Will patients accept the new, evidence-based, breast cancer screening guidelines?

Breast cancer screening has been scaled back, according to the recent recommendations of the USPSTF.

That’s the right move. Although women aged 50 to 74 years should receive a mammogram every 2 years, evidence of breast cancer screening in other age groups has been marginally conclusive at best, and non-existent when it comes to clinical self-exams.

Furthermore, the guidelines implicitly acknowledge the downsides of cancer screening, including the possibility of biospies for eventual benign lesions, which introduces the risk of complications that more invasive studies bring.

In other words, evidence has been introduced into the guidelines, resulting in the recommendation for less testing.

Some patients, predictably, aren’t happy. I went through the comment section of the story in The New York Times, and found responses to be all over the map. Although some agree with the revised guidelines, the majority did not.

The reason being that a single case of life-saving, early breast cancer diagnosis will garner far more emotional airplay than the complications stemming from overscreening.

The thought that “more medicine is better testing” is so pervasive in the mindset of the American public that it’s going to be extremely difficult to scale back testing in this country. Even if it’s the right thing to do.

That’s the principal challenge facing health reformers today, who want to apply evidence, like results from comparative effectiveness studies, to medical decision making. Most doctors I know are already practice strict evidence-based medicine.

Whether patients accept this is still in question.

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  • http://www.speakhealth.org Caroline (SpeakHealth.org)

    Hey there, I’ve been following this scaling back of cancer screenings story, and I am trying hard not be one of those people who immediately hears “less testing” and panics. I, like a lot of people, am scared scared scared. bottom line. terrified of cancer. (ironically, im also terrified of biopsies, but would rather have one than not, if it means knowing for sure something is benign.)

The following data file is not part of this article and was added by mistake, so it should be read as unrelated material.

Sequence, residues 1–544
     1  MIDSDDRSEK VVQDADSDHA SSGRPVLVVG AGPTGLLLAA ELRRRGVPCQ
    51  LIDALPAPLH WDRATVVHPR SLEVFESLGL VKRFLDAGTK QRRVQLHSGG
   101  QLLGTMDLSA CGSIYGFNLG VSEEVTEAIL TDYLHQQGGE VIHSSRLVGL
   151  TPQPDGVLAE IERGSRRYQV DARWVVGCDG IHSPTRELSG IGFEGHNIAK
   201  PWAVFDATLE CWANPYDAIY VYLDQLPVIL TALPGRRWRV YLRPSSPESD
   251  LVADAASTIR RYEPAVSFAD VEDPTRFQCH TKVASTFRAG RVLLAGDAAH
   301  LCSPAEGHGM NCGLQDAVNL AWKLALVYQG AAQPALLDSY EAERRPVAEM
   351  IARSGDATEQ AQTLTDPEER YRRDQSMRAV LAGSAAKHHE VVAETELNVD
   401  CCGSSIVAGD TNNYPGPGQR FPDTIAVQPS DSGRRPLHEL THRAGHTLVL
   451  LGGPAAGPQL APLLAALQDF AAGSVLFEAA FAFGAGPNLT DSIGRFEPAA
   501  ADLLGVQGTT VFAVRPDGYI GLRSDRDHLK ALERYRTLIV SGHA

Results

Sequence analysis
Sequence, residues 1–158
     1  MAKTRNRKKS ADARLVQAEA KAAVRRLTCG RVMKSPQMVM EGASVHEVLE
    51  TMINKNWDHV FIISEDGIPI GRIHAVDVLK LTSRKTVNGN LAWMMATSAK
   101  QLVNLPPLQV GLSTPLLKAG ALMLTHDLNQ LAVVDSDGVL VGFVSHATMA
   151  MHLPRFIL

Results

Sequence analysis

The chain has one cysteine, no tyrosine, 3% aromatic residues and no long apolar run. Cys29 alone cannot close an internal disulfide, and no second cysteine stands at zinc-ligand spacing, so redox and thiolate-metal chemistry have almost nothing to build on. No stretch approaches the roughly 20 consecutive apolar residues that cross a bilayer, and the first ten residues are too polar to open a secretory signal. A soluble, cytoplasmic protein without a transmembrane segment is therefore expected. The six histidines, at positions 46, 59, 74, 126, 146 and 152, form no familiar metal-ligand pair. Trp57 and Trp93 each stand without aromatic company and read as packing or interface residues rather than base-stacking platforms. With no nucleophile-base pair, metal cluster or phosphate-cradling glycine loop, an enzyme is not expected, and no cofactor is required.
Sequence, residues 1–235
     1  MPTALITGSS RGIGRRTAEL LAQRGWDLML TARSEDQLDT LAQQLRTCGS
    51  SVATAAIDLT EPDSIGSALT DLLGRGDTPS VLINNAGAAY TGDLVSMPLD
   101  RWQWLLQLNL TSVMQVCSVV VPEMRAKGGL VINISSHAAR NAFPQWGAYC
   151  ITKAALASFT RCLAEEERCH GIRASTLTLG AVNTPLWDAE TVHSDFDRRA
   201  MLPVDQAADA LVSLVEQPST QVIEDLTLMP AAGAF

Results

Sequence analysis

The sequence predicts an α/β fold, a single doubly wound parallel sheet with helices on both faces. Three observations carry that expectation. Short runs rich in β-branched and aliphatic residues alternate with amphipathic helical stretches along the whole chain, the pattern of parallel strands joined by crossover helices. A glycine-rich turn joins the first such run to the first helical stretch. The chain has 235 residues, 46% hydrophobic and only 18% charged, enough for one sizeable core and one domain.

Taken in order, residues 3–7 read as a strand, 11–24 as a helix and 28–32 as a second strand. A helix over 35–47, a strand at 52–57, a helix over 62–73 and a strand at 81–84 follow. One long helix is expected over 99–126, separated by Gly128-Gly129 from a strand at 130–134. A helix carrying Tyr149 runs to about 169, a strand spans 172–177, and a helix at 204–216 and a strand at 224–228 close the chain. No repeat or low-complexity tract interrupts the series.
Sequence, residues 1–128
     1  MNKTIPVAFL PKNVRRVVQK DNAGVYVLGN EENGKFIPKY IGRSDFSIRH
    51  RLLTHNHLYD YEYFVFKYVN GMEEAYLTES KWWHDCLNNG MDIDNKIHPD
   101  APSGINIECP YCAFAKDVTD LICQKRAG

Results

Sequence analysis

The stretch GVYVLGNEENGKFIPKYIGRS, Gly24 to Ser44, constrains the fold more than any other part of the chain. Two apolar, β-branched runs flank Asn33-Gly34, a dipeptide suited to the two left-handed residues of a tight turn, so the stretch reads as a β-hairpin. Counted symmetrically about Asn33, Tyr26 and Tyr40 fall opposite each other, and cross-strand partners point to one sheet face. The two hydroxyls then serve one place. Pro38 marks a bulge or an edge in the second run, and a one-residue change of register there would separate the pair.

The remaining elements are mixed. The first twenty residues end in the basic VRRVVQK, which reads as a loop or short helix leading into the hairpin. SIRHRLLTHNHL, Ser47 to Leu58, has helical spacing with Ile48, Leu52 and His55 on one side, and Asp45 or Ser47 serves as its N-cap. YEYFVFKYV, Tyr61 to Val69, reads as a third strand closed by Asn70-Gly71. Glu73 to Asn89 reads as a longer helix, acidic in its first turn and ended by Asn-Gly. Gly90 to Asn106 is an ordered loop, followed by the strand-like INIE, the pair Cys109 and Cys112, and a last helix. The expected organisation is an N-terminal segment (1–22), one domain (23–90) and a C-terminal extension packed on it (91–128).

i would think there would be a lot of other places to trim the fat, if this is a matter of money, but i’d like to know what other doctors and nurses think.

    I realise that this measure is meant to protect patients from unnecessary invasive tests (complications) and the emotional and psychological stresses of false alarms, but this still seems so trivial compared to possibly catching something early… Part of me sort of wonders if this is an “attack” (lack of better word) on womens’ health, since this scaling back seems to be aimed at breast cancer screenings. heck, i guess getting men to go in for a single prostate cancer screening still requires commercials on TV, so i suppose no ones worried about THEM getting too many.

  • http://www.MDWhistleblower.blogspot.com Michael Kirsch, M.D.

    I think patients will be accepting of the relaxed guidelines. The benefits of much of our preventive medicine has been exaggerated. For example, the public views mammography as a strong shield against breast cancer The data, however, show that it produces ony modest clinical benefits. This may be quite true of my own procedure of colonoscopy as well. Sure, we save a few folks, but we end up tunneling through lots of normal colons.

  • SarahW

    I think most will recognize this recommendation for the cost-cutting measure it is.

    We all know mammography screening is imperfect, but this herd-based BC screening change ought to raise some alarms of its own on that score.

    One flaw that glares is that the new recommendation is based on screening carried out with outmoded equipment. The figures cited to support the reccomendation may well be inaccurate.

    Another is the cut-off age is arbitrary – and that while younger women don’t have the same number of lesions found, they gain the same benefits in mortality the older women gain when a lesion is found early.

    I think women want to decide for themselves with the help of their physician what test ought and ought not be endured.

    Giving third part payers a hook to hang a refusal to pay on is improper, though. Third party payers should have no say in whether a test is useful or not, only physicians and the patient together. The insurer should have to pay when the physican decided a test is useful to his treatment of one patient.

  • http://neuropathologyblog.blogspot.com Brian E. Moore, MD

    Kevin Pho writes: “Most doctors I know are already practice strict evidence-based medicine.”
    I propose a revision to this statement as follows:
    “Most doctors I know are already practicing strict evidence-based medicine, except when they’re practicing CYA defensive medicine.”

  • Cancer surgeon

    Will patients accept the new, evidence-based, breast cancer screening guidelines? Easy answer: Only if they have to pay for it.

  • R Watkins

    Will physicians who were dunned by pay-for-performance programs because a few patients didn’t get yearly mammograms now get their hard-earned money returned to them (with interest)?

  • http://www.birdsonawireblog.com Paula Cohen

    Will patients accept the new, evidence-based, breast cancer screening guidelines? I think it will depend on 1/their age, and 2/how many women they know who have breast cancer or have died from breast cancer, under the age of 50. I, for one, know many. It’s easy to accept the value of evidence when it’s mirrored in your own life experience. When it’s not, it will be a tough sell.